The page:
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In just a matter of weeks, proud parents, family, and friends in every corner of the nation will gather to watch their high school seniors graduate. Predictable warm weather and speeches that may run a bit too long will be of little note as an estimated3.3 million young women and men earn their diplomas and embark upon their future pursuits.
For most, it is a new beginning, full of opportunity and hope. For far too many others, including youth who don’t graduate from high school, it’s a path that is lined with barriers to opportunity which limit their educational attainment, economic opportunity, and future success.
And for children from minority and disadvantaged communities who do not graduate high school, the challenges of reaching their full potential are even steeper. They are less likely to be employed, less likely to rise above the bottom fifth in income distribution, and more likely to become involved in the criminal justice system.
These factors also influence their overall health. As Broderick Johnson, Cabinet Secretary at the White House and Chair of the My Brother’s Keeper Task Force, said during the National Minority Health Month 2016 HHS Health Equity Forum on April 7: “You can’t just talk about filling opportunity gaps, whether it is in education or in jobs, without also talking about the importance of the health and well-being, especially for our most vulnerable young people. Opportunities impact health. Health impacts opportunity.”
Improving the well-being and expected life outcomes for all young people, including boys and young men of color, is the goal of President Obama’s My Brother’s Keeper Initiative. The My Brother’s Keeper Task Force recently issued its two year progress report: Two Years of Expanding Opportunity and Creating Pathways to Success. And at HHS, we understand if we are going to meet this challenge, our work must begin early in the lives of youth.
By age three, children from low-income households have heard about 30 million fewer words than their peers from higher income households. Long before kindergarten starts, a disparity in language skills exists that can affect performance at school and other outcomes later in life. In 2015, HHS and the U.S. Department of Education invited government officials, researchers, advocates and community leaders for a convening at the White House on Bridging the Word Gap. Announcements at the meeting included a $2 million investment for a National Academies of Science study on supporting young dual and English language learners and the Bridging the Word Gap Challenge, an initiative of the Health Resources and Services Administration. The challenge will lead to the creation of tools to help parents and caregivers talk and engage more with young children. . HHS also funded the Bridging the Word Gap Research Network at the University of Kansas to develop and test interventions to improve early language exposure, vocabulary acquisition and language development for children from disadvantaged communities.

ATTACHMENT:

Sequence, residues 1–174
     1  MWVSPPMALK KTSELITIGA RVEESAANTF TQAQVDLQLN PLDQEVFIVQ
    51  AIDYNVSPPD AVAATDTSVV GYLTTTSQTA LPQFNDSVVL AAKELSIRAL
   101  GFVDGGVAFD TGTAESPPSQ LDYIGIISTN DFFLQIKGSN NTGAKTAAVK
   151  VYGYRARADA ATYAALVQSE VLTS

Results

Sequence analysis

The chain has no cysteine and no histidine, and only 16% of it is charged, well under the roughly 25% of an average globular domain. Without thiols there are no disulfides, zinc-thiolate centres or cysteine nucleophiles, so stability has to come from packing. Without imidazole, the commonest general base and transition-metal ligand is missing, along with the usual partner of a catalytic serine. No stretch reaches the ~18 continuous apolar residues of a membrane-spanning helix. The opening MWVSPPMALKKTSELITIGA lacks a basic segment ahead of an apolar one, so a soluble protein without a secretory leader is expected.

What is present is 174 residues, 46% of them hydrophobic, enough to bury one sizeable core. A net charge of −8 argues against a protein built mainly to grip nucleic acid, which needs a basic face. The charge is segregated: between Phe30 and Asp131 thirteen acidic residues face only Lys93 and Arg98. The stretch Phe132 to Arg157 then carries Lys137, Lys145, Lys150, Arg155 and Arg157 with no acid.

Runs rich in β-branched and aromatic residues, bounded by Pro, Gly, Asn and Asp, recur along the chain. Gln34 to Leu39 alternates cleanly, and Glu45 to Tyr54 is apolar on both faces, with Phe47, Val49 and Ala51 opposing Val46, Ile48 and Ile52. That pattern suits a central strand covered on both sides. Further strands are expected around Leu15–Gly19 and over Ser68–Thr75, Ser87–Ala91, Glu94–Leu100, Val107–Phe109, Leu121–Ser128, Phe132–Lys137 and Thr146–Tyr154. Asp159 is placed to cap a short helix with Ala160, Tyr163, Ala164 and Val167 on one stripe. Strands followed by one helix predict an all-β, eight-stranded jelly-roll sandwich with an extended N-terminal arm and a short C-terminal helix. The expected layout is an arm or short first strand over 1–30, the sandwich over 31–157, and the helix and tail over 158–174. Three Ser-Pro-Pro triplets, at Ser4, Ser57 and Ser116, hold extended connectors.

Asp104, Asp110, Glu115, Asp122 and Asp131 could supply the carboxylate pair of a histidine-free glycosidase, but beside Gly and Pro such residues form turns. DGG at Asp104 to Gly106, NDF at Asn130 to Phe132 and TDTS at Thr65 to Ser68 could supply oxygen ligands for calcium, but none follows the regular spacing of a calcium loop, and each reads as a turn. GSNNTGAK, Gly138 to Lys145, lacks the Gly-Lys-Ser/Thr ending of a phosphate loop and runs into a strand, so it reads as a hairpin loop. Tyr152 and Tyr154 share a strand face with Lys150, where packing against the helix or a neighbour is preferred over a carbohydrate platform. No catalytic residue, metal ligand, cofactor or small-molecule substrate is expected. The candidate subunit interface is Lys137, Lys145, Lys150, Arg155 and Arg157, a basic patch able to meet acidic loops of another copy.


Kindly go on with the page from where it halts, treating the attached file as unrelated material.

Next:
Promoting the social-emotional and behavioral development of children is essential to their future health and well-being. The National Center of Excellence for Infant and Early Childhood Mental Health Consultation was launched in October 2015 by the Substance Abuse and Mental Health Services Administration, Health Resources and Services Administration, and Administration for Children and Families. The Center of Excellence will develop tools, training, and technical assistance to help states and Tribal nations build strong behavioral health system systems for children. It will also ensure that more child care centers, preschools, and home visiting programs have access to consultants who can help them meet the needs of young children, especially those who struggle with developmental and behavioral challenges. The Center of Excellence, managed by the Education Development Center, Inc. in Waltham, Massachusetts and awarded $6 million over four years, is also designed to advance research, training, and policies to improve outcomes for young children.
Even in preschool, expulsion and suspension of students occur at high rates. And young students are who are expelled or suspended are as much as 10 times more likely to drop out of school and experience academic failure and grade retention. These students are also more likely to be young boys of color. To curb and severely limit expulsion and suspension in early learning settings, in December 2014, HHS and the U.S. Department of Education issued the first federal policy statement on the matter. And today, the Administration for Children and Families has released a resource guide on State and Local Action to Prevent Expulsion and Suspension in Early Learning Settings, to provide states and localities with innovative approaches to address expulsions and suspensions in early childhood settings.
By curbing expulsions and suspensions, working to erase the word gap and providing more support for America’s children, we are ensuring that more youth are able to achieve their full potential, which is something of which we all can be proud.